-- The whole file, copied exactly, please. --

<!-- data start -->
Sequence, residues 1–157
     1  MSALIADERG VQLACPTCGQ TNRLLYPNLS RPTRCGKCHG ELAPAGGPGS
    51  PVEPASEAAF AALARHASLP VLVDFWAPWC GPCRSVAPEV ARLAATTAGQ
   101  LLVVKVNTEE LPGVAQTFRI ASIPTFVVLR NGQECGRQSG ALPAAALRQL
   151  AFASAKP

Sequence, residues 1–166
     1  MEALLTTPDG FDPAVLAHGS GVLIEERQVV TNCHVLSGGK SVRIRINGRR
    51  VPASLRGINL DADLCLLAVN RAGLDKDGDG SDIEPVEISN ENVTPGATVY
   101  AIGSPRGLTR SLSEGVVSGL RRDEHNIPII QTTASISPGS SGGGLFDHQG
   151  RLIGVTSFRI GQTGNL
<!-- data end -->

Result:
Sequence, residues 1–157
     1  MSALIADERG VQLACPTCGQ TNRLLYPNLS RPTRCGKCHG ELAPAGGPGS
    51  PVEPASEAAF AALARHASLP VLVDFWAPWC GPCRSVAPEV ARLAATTAGQ
   101  LLVVKVNTEE LPGVAQTFRI ASIPTFVVLR NGQECGRQSG ALPAAALRQL
   151  AFASAKP

Sequence, residues 1–166
     1  MEALLTTPDG FDPAVLAHGS GVLIEERQVV TNCHVLSGGK SVRIRINGRR
    51  VPASLRGINL DADLCLLAVN RAGLDKDGDG SDIEPVEISN ENVTPGATVY
   101  AIGSPRGLTR SLSEGVVSGL RRDEHNIPII QTTASISPGS SGGGLFDHQG
   151  RLIGVTSFRI GQTGNL